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Exposure Bracketing – Getting it just right

In photography, there are many types of bracketing. The most common use is for taking multiple shots in different exposure values and combining them in post processing to get the perfect image. In some cases, bracketing can also be used to shoot in different white balances in order to get the best results.

Getting Hands On

Exposure bracketing is a more hands-on approach to photography. Simply put, you take a series of photos with different settings and merge them together to get the perfect lighting. To begin, capture your desired scene first, then adjust the shutter speed and exposure accordingly. Photograph the scene several times and be sure to keep the camera steady. The more similar the shots are, the easier it will be to combine them later. Doing this manually also ensures you have more options to pick from and delivers the best results.

When to use it

So when should you use exposure bracketing? Any time you feel there’s a general imbalance in either highlights or shadows. For example, sunsets can be very difficult to capture, due to the shifting light and colours. Bracketing is also incredibly useful in situations where the camera can be deceived by light, this way you can be prepared and compensate for it by capturing several exposures at a time. Another example, is when there’s an abundance of light around your subject, such as being on a beach on a sunny day, or taking pictures near snow. Your camera will perceive this extreme abundance of light, and will likely counter this by capturing under-exposed shots. Bracketing will ensure you capture multiple exposures so that your surroundings and your subject are both properly exposed. In simple terms, exposure bracketing allows you to combine similar images of different exposures into one blended image with balanced light.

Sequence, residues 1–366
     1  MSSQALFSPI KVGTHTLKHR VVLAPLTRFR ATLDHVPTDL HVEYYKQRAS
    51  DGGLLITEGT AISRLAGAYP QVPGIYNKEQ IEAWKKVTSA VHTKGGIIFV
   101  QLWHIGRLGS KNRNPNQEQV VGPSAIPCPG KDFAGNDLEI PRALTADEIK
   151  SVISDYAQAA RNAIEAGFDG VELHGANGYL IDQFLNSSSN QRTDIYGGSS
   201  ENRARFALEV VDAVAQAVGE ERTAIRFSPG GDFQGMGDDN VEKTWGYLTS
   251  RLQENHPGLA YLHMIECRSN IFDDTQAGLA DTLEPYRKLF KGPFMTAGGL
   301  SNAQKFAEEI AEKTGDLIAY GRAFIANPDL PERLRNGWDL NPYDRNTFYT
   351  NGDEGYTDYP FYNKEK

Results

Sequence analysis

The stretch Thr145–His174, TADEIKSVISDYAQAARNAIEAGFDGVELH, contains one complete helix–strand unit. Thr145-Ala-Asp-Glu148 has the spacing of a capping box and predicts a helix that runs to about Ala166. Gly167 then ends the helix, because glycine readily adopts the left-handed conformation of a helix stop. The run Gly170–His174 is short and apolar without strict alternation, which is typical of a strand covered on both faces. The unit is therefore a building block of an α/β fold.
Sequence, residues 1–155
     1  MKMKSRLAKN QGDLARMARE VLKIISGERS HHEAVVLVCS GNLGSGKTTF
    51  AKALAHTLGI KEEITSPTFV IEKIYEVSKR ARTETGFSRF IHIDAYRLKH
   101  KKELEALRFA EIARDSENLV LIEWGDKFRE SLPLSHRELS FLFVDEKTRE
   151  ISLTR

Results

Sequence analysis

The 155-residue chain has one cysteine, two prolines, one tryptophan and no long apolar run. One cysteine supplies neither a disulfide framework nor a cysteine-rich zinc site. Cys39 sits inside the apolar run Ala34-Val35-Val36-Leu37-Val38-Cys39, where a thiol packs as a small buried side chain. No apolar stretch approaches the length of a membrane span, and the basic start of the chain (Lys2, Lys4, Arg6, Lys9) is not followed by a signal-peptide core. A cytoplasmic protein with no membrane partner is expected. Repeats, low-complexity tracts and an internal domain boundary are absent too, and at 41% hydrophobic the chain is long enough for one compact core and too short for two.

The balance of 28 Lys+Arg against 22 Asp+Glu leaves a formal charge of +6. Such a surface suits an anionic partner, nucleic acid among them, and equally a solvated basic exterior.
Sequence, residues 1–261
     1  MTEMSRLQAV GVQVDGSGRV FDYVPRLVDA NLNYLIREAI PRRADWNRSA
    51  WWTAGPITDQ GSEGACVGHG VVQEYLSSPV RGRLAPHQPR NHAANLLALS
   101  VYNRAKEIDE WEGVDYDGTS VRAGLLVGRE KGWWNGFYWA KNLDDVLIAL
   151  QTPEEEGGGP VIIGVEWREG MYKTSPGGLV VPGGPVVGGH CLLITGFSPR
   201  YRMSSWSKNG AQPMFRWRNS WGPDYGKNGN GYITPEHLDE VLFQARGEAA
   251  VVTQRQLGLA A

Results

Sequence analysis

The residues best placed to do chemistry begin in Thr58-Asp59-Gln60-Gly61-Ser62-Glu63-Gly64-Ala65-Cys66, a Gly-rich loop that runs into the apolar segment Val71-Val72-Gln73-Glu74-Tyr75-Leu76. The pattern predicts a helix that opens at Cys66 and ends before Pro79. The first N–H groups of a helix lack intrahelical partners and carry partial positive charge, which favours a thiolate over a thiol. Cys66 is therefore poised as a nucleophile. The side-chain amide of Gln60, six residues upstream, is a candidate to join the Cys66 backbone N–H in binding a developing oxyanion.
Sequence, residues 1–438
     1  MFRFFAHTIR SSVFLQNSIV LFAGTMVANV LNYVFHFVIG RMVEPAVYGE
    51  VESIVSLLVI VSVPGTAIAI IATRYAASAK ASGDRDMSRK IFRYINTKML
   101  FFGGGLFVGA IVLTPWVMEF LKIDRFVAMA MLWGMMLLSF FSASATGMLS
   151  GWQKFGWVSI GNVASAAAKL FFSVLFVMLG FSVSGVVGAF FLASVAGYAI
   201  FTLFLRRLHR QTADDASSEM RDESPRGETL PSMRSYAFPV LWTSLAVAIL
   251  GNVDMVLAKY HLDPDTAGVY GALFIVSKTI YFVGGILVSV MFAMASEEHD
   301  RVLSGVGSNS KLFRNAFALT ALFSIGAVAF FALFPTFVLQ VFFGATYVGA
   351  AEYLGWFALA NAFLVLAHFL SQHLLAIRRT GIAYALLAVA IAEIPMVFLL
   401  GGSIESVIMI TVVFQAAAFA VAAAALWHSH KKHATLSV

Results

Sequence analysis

Give exposure bracketing a go and create your own perfectly balanced composition.